Hey, listen! “The Legend of Zelda” is an action-adventure video game series that has had a place in the hearts of many for over 25 years. Fans of the series know the games for their quirky characters, beautiful soundtracks, unique art styles and much, much more. The most recent entry of the series, “Breath of the Wild,” made a name for itself when it came out in early 2017 for breaking new ground by introducing open-world gameplay to the series and was received incredibly well by critics and fans alike. Indeed, “Breath of the Wild” touts an enormous world map filled with plenty to do and explore, as well as copious puzzles to solve and challenges to complete; however, while “Breath of the Wild” is spot-on in meeting what is required for your run-of-the-mill action-adventure, open-world game, it hugely misses the mark on meeting the criteria of a Zelda game.
Now wait, humor me for a second and put away the pitchforks. Let us take a walk down memory lane to distill the elements of Zelda games that make them great. For the sake of making a short article in The Lawrentian’s Op-Ed section, I am going to limit myself to just the 3D Zelda games, such as “Ocarina of Time,” “Wind Waker” and “Twilight Princess.” While the 2D Zelda games are certainly beloved classics that deserve recognition, most of the aspects of great 3D Zelda games will likely apply to their 2D counterparts as well.
We can start at the beginning with “Ocarina of Time,” which introduces an aspect of Zelda greatness in the title: music. The ocarina, a small wind instrument that the game is named for, is a source of 10 beautiful melodies that occur in many forms throughout the game. Play “Saria’s Song,” the “Song of Storms” or the “Song of Time” to anyone who played this game, and they will immediately begin to recount their memories of playing, guaranteed. Moreover, each area of the game also has a unique and unforgettable theme that plays over the action. To this day, I can still hum the melody to the Kakariko Village theme, and the Gerudo Valley theme is nothing less than a bop. Conversely, none of the tunes in “Breath of the Wild” have gained a foothold in my memory. This is not to say that the music is not good, because it is indeed well-composed and pleasant, but in the same way that elevator music might be. The music in “Breath of the Wild” does little more than fill the silence with music that fits the mood: calm, slow music for exploring and faster, energizing music for fighting. What makes this music so lackluster is its absence of character or identity. The music in “Wind Waker” had a peppy quality to it that matched the cartoonish aesthetic and childish characters, while music in “Twilight Princess” featured more somber melodies to match the serious tone of the game. The music of “Breath of the Wild” fails to say anything notable about itself, and thus is ultimately forgettable, which is a shame to the musical legacy that came before it.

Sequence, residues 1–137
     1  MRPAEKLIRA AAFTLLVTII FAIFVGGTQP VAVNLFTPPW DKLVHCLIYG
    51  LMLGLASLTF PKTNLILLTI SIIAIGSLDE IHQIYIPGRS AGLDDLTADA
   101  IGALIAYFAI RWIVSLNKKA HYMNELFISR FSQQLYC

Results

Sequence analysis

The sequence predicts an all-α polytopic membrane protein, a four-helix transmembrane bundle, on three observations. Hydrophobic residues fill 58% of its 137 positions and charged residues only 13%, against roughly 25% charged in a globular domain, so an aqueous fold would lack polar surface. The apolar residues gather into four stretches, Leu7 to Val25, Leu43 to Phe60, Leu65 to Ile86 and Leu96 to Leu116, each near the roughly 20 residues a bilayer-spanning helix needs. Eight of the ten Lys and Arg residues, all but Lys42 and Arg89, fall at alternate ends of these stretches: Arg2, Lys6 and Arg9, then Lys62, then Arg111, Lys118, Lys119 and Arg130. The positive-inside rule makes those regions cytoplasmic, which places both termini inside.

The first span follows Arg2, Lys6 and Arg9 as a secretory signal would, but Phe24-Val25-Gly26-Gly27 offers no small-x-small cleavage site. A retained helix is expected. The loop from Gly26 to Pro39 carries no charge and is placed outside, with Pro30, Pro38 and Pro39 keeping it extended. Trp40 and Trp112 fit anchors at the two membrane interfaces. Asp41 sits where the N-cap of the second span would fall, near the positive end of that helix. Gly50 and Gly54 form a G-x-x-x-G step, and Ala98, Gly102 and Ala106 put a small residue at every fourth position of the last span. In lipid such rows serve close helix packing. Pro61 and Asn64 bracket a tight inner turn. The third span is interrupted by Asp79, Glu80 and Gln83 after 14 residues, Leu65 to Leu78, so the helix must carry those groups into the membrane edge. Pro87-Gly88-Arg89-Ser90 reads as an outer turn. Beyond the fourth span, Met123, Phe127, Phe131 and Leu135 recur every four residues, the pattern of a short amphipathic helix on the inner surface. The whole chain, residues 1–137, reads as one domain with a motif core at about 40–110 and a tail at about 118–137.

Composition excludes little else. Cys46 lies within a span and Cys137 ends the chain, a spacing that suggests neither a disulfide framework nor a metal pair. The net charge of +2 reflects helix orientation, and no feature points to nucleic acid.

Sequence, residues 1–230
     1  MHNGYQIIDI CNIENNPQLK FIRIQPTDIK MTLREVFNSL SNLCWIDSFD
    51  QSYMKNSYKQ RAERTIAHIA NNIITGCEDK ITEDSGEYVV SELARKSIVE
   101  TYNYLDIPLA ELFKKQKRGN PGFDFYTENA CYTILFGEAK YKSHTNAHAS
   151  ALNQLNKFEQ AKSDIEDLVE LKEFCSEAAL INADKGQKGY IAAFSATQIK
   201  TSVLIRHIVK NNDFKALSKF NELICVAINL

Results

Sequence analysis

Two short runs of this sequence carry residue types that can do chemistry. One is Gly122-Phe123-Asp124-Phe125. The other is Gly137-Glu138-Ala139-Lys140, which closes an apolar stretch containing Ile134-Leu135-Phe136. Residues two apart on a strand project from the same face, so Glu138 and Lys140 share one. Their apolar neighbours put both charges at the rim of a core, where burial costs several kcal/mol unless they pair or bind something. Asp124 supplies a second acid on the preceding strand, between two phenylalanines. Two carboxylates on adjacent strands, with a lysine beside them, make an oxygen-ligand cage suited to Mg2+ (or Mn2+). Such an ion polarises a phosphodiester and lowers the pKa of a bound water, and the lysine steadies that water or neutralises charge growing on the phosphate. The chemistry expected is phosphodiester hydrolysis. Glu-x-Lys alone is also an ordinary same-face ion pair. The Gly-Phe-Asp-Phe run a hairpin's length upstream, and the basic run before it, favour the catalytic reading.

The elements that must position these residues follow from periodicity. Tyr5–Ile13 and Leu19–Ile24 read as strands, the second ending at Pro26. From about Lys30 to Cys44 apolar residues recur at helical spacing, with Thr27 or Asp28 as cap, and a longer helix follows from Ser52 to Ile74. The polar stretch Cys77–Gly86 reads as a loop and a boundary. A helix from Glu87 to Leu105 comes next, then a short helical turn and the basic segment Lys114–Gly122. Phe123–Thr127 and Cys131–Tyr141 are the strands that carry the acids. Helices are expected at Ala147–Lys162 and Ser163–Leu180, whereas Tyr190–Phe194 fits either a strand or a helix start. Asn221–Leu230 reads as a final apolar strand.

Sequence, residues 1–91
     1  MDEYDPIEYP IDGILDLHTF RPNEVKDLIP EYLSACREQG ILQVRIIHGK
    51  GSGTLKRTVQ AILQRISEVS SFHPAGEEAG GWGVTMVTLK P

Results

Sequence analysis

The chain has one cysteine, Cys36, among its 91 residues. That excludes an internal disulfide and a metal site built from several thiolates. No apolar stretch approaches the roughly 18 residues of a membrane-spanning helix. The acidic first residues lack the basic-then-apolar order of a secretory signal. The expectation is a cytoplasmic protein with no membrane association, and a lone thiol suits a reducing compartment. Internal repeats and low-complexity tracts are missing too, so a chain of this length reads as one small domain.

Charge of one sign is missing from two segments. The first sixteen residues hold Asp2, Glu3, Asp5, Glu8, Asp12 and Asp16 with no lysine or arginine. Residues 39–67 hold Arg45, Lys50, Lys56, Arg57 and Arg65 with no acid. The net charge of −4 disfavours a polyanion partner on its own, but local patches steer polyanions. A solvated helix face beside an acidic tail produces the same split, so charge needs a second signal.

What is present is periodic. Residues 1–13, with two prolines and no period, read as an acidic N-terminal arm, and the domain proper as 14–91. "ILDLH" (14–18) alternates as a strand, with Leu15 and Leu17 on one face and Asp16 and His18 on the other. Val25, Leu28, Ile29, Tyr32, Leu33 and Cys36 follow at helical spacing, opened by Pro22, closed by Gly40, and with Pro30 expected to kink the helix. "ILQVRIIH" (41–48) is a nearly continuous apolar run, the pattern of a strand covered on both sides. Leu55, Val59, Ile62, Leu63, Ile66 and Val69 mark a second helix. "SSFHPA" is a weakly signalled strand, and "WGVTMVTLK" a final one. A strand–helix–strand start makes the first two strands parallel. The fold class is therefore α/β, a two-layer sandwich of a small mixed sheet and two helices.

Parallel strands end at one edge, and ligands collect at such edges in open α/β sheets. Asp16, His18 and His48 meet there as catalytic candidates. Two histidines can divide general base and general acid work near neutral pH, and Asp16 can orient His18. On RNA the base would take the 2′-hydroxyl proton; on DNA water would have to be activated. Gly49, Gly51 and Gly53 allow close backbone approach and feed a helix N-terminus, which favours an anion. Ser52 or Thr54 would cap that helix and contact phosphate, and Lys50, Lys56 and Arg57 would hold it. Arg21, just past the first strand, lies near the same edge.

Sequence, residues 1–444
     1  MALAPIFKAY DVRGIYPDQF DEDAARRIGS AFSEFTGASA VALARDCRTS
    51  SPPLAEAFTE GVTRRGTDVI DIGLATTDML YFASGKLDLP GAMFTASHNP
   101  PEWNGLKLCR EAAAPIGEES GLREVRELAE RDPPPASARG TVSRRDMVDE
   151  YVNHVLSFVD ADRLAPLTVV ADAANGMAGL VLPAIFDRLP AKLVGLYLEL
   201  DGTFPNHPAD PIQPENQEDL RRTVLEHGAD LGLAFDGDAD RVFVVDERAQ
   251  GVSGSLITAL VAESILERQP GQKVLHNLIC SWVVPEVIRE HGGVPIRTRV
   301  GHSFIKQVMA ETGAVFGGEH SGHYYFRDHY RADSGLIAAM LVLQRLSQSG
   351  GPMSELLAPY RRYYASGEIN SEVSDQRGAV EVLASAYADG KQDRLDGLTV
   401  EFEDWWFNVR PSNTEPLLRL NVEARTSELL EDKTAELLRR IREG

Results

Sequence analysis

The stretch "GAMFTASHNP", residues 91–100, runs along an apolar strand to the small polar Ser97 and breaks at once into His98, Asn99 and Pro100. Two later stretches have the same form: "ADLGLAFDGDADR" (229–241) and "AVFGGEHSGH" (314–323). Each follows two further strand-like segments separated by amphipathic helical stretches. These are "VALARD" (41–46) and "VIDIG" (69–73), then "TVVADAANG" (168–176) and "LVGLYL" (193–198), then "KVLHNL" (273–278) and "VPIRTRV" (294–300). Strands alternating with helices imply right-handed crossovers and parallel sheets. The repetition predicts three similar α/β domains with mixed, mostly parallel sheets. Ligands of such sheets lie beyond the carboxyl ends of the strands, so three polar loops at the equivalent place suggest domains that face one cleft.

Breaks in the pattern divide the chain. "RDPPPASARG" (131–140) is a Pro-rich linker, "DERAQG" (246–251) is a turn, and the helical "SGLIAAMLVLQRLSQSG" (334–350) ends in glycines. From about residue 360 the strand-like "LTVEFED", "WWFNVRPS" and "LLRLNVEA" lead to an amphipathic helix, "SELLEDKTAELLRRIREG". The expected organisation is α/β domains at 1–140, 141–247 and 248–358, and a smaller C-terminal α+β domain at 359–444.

Another key aspect of a great Zelda game is the story and lore. Each Zelda game has a common general plot — a young man in green garb (known always as Link, at least canonically) goes on a quest to save the Kingdom of Hyrule and sometimes Princess Zelda. This hero eventually comes to wield the Master Sword and the Hylian Shield, and bears some connection to the Triforce of Courage. Beyond this, the stories of various Zelda games vary greatly; in “Ocarina of Time,” Link travels between civilization and a sort-of apocalypse, in “Wind Waker,” Link sails the Great Sea — with pirates and a talking boat — in search of his kidnapped sister and in “Twilight Princess,” Link fights off the invasion of another dimension.
Now, “Breath of the Wild” carves its own niche in this sense, as the lore of the game introduces advanced technology into the Zelda series and a more abstract Ganon, Link’s main rival. However, much of the background story and character development is left for optional discovery, and most of the common lore present in other Zelda games is also optional. For instance, “memories” that explain the history of this particular version of Hyrule are scattered across the very large map and are not easily trackable. Even the Master Sword and Hylian Shield can be entirely missed in a complete story playthrough. Speaking of story, the game places little emphasis on completing the main plot, preferring that its players explore and experiment. While not inherently bad, when one does elect to progress through the story, it feels bland in comparison to the much richer ones preceding it, without strong main roles or plot devices to keep players hooked. Thus, while the story and lore of “Breath of the Wild” are not terrible on their own, they pale in comparison to other Zelda games.
There is much more I could say about how “Breath of the Wild” should have been a better Zelda game before being a great action-adventure game, but such a tangent shall be saved for another day. I look forward to hearing opinions from readers, both from those in agreement and those who are wrong. Until then, have a good rest of the term, everyone!